WASILLA, Alaska (AP) — Alaska U.S. House candidate Sarah Palin called on fellow Republican Nick Begich to drop out of the race Monday, holding a news conference in the same place where on a holiday weekend more than a decade ago she announced plans to resign as Alaska’s governor.
“He keeps calling me a quitter,” she told reporters, adding later: “And now he wants me, the one who is clearly the only true conservative in this race who can win, he wants me to quit! Now that’s the real joke. Sorry, Nick. I never retreat, I reload.”
Monday was the deadline for candidates to withdraw from the November general election. Begich, who was critical of Palin during the campaign, seeking to cast her as a quitter and questioning her motives in running, said Monday his campaign is “confident that we are on a positive trajectory to win in November.”
“Ranked choice voting showed that Palin simply doesn’t have enough support from Alaskans to win an election and her performance in the Special was embarrassing as a former Governor and Vice Presidential candidate,” he said in a statement Monday.
Palin, the 2008 Republican vice presidential nominee, and Begich lost an Aug. 16 ranked choice special election to serve the remainder of the late Republican Rep. Don Young’s term to Democrat Mary Peltola. The results were tabulated Wednesday and certified Friday. Peltola led in first choice votes heading into the tabulation rounds, followed by Palin and then Begich. Begich was the candidate eliminated first.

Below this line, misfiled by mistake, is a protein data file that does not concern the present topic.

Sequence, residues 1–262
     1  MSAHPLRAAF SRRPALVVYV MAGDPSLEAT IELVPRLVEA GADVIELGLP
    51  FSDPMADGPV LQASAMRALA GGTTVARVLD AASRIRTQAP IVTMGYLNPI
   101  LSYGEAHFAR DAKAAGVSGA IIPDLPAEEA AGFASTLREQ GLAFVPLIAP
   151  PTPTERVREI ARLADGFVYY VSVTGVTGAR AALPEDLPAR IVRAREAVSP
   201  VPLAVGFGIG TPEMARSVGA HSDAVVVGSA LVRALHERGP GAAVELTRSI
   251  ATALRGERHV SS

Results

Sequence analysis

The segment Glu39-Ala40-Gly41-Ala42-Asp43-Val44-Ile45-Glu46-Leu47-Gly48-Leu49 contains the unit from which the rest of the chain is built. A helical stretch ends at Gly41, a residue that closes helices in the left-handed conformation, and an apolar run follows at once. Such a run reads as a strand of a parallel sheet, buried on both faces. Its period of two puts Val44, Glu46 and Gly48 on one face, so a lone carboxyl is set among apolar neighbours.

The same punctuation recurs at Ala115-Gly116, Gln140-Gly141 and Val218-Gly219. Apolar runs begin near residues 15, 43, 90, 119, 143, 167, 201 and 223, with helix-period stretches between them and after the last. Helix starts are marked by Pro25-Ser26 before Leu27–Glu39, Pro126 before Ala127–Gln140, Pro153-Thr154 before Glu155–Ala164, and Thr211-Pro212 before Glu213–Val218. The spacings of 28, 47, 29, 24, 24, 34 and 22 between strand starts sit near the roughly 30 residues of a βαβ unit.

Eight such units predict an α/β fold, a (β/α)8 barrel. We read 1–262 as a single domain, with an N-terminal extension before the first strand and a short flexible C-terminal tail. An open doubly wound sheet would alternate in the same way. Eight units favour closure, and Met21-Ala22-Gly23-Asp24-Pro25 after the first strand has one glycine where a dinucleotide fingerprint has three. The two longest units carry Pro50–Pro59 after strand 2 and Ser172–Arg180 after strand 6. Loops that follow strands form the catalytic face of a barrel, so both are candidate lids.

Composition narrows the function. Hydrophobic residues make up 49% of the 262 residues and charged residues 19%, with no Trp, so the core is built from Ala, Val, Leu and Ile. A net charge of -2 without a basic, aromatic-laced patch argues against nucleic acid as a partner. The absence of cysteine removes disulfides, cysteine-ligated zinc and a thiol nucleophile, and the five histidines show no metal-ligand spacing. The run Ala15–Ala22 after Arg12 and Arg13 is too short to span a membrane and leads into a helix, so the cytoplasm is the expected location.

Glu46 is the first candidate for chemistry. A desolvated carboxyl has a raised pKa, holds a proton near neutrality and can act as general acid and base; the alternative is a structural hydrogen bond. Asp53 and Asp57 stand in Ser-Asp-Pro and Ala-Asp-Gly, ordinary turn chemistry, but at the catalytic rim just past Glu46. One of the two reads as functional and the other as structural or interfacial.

Of the Begich voters who ranked a second candidate, 36% chose Peltola and about 64% chose Palin.
A spokesperson for Peltola’s campaign, Josh Wilson, said Peltola will be sworn in on Sept. 13.
Peltola, Palin and Begich also advanced from the August primary to the November general election, with the winner of that contest to serve a two-year term. They will be joined by Libertarian Chris Bye, after the fourth place finisher in the primary, Republican Tara Sweeney, withdrew.
Voters in 2020 approved changes to Alaska’s elections process, scrapping party primaries in favor of open primaries in which the top four vote getters, regardless of party affiliation, advance to the general election, and instituting ranked voting for general elections. The special House election was the first ranked vote election under the system.
Palin’s news conference at her lakeside home in Wasilla Monday was interrupted at points by the noise from floatplanes passing by.
She again defended her decision to resign as governor in July 2009, a decision she announced July 3 that year. She said Monday that being governor was a job she wanted to have but resigning was the “right thing.” She cited in part ethics complaints that she said were frivolous and had become distractions.
Begich last week questioned Palin’s ability to win an election and she urged him to drop out, a call she reiterated Monday.
Palin said it would make “no sense” for her to drop out. If Begich doesn’t withdraw, “then you’ll be able to see us not just talking the talk but walking the walk that we’ve not yet begun to fight,” she said.
Bohrer reported from Juneau, Alaska.
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